GULF STATES UTILITIES CO. V. FPC, 411 U. S. 747 (1973)

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U.S. Supreme Court

Gulf States Utilities Co. v. FPC, 411 U.S. 747 (1973)

Gulf States Utilities Co. v. Federal Power Commission

No. 71-1178

Argued December 5, 1972

Decided May 14, 1973

411 U.S. 747


Following petitioner's application under § 204 of the Federal Power Act to respondent Federal Power Commission (FPC) for authorization of a bond issue, two intervening cities opposed the authorization on the ground that the proceeds of the bond issue would be used to finance or refinance certain anticompetitive activities in violation of the antitrust laws, the Federal Power Act, and the Public Utility Holding Company Act of 1935. Section 204(a) empowers the FPC to authorize a security issue only if the issue is found to be for some lawful purpose and compatible with the public interest. The FPC granted the cities' petition to intervene, denied their request for a hearing, and authorized the bond issue, holding that the cities' allegations were irrelevant to a requested authorization of securities under § 204. The Court of Appeals remanded the case for consideration of the cities' claim, holding that, in line with the reasoning in Denver R. G. W. R. Co. v. United States, 387 U. S. 485, the FPC should have considered the alleged competitive consequences of the bond issue in the § 204 proceeding.


1. The FPC, as a general rule, must consider the anticompetitive consequences of a security issue under § 204. Pp. 411 U. S. 756-762.

(a) The Federal Power Act did not render antitrust policy irrelevant to the FPC's regulation of the electric power industry. Pp. 411 U. S. 757-759.

(b) The fact that the FPC has broad authority under other provisions of the Act to determine whether a public utility's conduct is in the public interest does not mean that the same standard is not equally germane under § 204. P. 411 U. S. 759.

(c) Consideration of antitrust policies in the context of § 204 provides a first line of defense against anticompetitive practices that might later become the subject of an antitrust proceeding. P. 411 U. S. 760.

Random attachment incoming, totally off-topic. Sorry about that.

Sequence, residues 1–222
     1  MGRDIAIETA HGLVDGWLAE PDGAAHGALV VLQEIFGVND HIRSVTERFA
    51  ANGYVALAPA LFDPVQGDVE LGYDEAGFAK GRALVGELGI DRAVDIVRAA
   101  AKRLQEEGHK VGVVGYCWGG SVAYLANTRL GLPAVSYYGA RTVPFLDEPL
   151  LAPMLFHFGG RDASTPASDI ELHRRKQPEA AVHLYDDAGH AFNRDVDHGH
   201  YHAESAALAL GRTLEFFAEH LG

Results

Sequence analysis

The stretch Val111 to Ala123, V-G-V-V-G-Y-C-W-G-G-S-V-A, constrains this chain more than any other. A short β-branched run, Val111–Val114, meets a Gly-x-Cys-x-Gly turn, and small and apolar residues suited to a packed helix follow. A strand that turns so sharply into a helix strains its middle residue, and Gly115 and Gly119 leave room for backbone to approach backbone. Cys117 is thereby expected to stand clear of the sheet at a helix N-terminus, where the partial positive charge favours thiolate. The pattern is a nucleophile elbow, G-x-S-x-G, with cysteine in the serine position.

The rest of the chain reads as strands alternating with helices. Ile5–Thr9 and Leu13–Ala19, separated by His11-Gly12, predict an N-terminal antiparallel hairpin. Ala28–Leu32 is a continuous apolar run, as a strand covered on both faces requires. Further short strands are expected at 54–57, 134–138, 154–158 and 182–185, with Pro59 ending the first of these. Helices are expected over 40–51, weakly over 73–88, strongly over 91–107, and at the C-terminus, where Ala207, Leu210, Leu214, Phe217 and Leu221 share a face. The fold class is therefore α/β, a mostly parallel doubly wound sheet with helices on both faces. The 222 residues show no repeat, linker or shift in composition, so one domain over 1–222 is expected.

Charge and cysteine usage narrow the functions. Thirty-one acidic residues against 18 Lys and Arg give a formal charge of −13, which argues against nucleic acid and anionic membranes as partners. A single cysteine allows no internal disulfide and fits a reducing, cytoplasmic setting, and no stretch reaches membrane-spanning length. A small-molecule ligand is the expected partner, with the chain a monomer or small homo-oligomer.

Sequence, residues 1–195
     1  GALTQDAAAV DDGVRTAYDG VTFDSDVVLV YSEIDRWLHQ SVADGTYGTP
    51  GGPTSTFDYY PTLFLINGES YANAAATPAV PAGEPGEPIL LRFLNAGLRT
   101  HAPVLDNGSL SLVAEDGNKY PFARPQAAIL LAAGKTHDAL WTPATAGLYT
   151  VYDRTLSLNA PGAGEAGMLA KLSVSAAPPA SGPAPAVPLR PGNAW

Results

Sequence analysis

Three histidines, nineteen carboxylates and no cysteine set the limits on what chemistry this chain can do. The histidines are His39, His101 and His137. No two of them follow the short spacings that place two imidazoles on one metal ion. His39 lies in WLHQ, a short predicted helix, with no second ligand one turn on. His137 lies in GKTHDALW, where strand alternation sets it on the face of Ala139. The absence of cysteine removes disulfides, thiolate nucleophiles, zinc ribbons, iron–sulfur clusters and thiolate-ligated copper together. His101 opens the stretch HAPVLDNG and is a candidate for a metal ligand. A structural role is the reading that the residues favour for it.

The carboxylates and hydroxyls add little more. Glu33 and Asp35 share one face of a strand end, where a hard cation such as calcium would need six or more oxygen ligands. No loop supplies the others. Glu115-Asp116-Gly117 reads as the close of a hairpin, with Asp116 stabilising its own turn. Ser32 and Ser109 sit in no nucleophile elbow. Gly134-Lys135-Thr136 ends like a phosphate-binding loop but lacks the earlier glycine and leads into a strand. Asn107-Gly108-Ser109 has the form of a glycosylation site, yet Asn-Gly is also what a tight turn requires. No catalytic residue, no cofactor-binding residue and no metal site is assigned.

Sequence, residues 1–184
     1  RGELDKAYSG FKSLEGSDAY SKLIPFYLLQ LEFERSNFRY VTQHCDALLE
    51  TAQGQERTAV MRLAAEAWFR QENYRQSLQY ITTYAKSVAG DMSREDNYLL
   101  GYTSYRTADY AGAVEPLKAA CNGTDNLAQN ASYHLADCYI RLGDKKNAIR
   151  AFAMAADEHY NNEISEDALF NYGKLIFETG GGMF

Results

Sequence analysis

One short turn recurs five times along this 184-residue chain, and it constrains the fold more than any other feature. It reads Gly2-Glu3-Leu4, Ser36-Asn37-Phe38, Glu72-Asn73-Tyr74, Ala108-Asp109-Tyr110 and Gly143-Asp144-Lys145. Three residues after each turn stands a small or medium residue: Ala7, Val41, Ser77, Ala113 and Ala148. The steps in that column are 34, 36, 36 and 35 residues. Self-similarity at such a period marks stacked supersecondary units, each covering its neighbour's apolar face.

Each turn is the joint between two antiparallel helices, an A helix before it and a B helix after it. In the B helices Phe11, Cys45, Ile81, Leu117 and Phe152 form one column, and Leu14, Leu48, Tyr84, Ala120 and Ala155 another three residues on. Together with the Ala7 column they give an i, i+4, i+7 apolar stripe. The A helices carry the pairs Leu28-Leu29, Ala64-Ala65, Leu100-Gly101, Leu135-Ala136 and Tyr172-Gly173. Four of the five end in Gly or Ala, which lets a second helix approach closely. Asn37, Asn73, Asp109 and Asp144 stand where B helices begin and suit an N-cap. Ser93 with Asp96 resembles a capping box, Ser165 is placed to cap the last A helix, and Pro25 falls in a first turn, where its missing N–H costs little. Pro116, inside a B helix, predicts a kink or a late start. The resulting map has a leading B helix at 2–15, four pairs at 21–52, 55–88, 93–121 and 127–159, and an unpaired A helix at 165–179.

(d) The FPC, like the Interstate Commerce Commission, has broad regulatory authority, which includes responsibility for considering

Page 411 U. S. 748

antitrust policy in discharging its statutory obligations. Cf. Denver & R. G. W. R. Co. v. United States, supra. Pp. 411 U. S. 760-762.

2. Though the FPC is not necessarily required to hold a hearing or make a full investigation in all cases, its summary disposition of proffered objections to the security issue requires strict scrutiny by a reviewing court in light of the Commission's obligations to protect the public interest and enforce the antitrust laws. Pp. 411 U. S. 762-763.

3. Unexplained summary administrative action is incompatible with the requirements of § 204, and precludes appropriate judicial review. Pp. 411 U. S. 763-764.

147 U.S. App. D.C. 98, 454 F.2d 941, affirmed.

BLACKMUN, J., delivered the opinion of the Court, in which BURGER, C.J.,and DOUGLAS, BRENNAN, WHITE, and MARSHALL, JJ., joined. POWELL, J., filed a dissenting opinion, in which STEWART and REHNQUIST, JJ., joined, post, p. 411 U. S. 764.

Page 411 U. S. 749

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